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Marks & Spencer - Finalist for the Unipart Award for Outstanding Employment

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Finalist for the Unipart Award for Outstanding Employment

Continuing a long-term commitment to tackling youth unemployment, Marks & Spencer (M&S) sees plenty of business value in plucking the very best talent from the pool of unemployed in the communities in which it serves, and this is why the retailer has scrapped the interview process to make it easier for the unemployed to come work for them.

Impacts

  • More than 3,000 people join the Make Your Mark programme each year
  • 85 per cent of participants complete the placement
  • More than 50 per cent go into work immediately after their placement, or within 12 weeks of finishing

With the globalisation of economies, jobs become ever more mobile, competition intensifies and skills evolve more rapidly. Being unemployed is more daunting than ever.

So, what does a retail business like Marks & Spencer (M&S) – a company that employs 81,000 people and welcomes some 21 million customers through its doors and on its website every week – do to respond to such a big challenge? Well, through two specific programmes it is working hard to bring an often overlooked segment of society into its business. And for good reason.

It’s flagship employability programme – known as Marks & Start – was set up back in 2004. Its premise is simple and based on a robust business case: Accessing incredible talent, diversifying its employee base, and engaging and developing its own people is good for company performance. Securing the best young talent with adaptable skills and capabilities will ensure the business continues to thrive in the long-term.

Giving someone a job is even more life-changing. They have a reignited dignity, and a purpose in life.

M&S is making its mark

Meanwhile, Make Your Mark initiative, run in partnership with The Prince’s Trust, helps unemployed young people develop the skills and confidence needed to find work through a four-week training and work placement programme.

The two programmes change lives, according to the business, taking someone from being unconfident, low on self-esteem, lacking in experience, unable to look you in the eye, to totally transformed individuals, confident enough to approach customers and offer the sort of levels of customer service M&S is looking for – all in the space of two weeks. “Giving someone a job is even more life-changing. They have a reignited dignity, and a purpose in life, to earn money, provide for their families and contribute to society,” it says.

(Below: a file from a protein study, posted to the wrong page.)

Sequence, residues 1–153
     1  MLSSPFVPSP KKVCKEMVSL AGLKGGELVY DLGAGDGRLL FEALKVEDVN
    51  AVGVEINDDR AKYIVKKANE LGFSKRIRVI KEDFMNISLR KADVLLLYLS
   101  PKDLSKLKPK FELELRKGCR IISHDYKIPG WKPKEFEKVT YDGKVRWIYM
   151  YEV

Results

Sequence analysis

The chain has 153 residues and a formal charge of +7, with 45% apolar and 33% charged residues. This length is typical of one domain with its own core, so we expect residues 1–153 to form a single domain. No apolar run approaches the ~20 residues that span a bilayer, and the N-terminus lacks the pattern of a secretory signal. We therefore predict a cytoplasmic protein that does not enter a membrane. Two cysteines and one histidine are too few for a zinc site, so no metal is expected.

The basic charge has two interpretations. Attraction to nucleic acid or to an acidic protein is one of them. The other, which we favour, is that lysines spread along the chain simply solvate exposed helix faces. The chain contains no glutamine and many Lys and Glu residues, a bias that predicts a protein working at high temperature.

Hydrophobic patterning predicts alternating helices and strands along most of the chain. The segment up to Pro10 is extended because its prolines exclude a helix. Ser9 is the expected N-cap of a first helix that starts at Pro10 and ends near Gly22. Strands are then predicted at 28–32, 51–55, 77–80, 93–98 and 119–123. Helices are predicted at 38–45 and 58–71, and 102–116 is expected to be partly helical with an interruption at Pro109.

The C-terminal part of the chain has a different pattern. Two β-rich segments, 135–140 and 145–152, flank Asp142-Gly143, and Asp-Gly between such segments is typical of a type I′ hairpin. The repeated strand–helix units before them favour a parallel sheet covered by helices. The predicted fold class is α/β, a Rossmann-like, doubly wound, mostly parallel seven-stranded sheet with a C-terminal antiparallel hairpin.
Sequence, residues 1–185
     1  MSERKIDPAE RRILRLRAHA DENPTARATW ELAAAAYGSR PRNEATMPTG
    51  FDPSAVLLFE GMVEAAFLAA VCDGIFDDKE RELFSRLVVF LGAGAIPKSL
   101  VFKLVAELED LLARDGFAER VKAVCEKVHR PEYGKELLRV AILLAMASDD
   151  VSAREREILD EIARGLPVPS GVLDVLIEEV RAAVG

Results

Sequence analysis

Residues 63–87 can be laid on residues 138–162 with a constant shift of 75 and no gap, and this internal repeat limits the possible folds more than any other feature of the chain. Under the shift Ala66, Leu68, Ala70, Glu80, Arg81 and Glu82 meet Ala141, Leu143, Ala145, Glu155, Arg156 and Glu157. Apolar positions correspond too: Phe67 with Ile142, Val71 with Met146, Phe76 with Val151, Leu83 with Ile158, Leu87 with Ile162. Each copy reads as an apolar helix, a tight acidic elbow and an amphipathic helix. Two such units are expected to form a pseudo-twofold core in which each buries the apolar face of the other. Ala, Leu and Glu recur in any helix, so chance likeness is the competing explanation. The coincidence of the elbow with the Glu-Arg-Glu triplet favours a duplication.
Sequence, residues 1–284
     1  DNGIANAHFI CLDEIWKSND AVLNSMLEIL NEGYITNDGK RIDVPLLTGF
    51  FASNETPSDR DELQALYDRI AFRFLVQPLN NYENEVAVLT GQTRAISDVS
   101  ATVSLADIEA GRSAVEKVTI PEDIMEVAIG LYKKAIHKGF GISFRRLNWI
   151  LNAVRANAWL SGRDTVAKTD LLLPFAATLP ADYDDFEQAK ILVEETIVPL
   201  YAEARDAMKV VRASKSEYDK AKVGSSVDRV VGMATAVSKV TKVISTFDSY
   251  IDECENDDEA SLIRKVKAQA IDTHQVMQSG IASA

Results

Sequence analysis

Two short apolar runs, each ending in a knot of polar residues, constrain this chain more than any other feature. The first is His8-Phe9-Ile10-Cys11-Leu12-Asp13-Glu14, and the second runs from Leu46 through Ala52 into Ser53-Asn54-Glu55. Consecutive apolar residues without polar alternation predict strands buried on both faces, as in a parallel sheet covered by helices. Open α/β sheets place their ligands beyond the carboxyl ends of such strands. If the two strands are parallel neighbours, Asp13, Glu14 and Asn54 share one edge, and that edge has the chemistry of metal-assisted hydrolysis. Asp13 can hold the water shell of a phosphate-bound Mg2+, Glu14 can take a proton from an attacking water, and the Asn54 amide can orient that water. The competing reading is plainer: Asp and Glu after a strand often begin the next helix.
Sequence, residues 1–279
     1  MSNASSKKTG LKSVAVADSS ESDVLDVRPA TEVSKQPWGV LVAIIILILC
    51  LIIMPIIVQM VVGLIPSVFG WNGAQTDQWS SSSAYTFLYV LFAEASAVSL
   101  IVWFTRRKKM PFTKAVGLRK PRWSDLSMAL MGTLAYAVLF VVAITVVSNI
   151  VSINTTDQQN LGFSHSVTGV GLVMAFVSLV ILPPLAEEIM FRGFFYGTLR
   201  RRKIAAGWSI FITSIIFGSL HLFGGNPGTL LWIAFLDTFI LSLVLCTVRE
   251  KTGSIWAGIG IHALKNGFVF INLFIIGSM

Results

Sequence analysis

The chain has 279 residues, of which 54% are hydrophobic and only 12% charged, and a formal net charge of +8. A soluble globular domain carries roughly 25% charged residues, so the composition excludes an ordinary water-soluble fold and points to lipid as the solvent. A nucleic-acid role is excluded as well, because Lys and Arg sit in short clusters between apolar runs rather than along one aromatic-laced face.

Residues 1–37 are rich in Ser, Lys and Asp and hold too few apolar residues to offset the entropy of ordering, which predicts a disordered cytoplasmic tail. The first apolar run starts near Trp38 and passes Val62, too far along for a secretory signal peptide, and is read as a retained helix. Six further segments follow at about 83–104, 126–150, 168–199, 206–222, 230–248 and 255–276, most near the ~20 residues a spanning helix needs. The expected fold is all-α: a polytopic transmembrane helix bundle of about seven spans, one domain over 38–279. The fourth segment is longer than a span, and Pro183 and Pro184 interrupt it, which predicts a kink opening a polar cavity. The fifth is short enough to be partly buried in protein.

Each year, more than 3,000 people start the programme, receiving preparatory training from the charities involved, including Gingerbread and Remploy – from three days to 12 weeks. This might involve confidence and self-esteem boosting or training on finances – essentially, making sure they are the right fit for both the retail sector and for M&S.

Of the 3,000 that start the programme, the majority (85 per cent) complete the placement. And of those, more than 50 per cent go into work immediately after their placement, or within 12 weeks of finishing. Most of those jobs are with M&S and if not, the business helps people grab work elsewhere.

Interestingly, at the end of the placements, there is no interview or assessment process; if somebody has done well during their placement, and an M&S line manager can sign them off as ‘suitable to employ’, they go straight into a job with the company. Removing the barrier of an interview is a hugely important part of the programme, as often someone will excel on the placement, really impress the customers and managers, and yet they will fail an interview, according to M&S.

Learning from the programme's succes

Elsewhere, the business has spent the last 12 years making significant changes to its recruitment process to ensure it is accessible to people from excluded groups who would get screened out of a

Running these programmes ensures we future-proof ourselves by supplying the needs that an evolving and fast-moving business will have.

‘normal’ recruitment process. For example, there is a special process for allowing people with unspent criminal convictions onto the programme. Working with its charity partners, it has created a risk assessment form to determine the potential risks of a placement to the individual, the company and its customers. It is a process that has enabled 75 ex-offenders to go on the programme each year – many of whom go on to work for M&S.

“Offering jobs is one of the simplest but most life-changing ways we can support excluded groups, so we also aim to encourage other companies to do the same, so together we will see thousands getting work and thereby preventing a future UK talent deficit,” says M&S CEO Steve Rowe. “Running these programmes ensures we future-proof ourselves by supplying the needs that an evolving and fast-moving business will have.

“We’re committed and passionate about helping local communities, and making a difference to the people who live in them. And we pride ourselves on this forward-thinking programme helping those with significant barriers in their first steps to gaining meaningful employment.”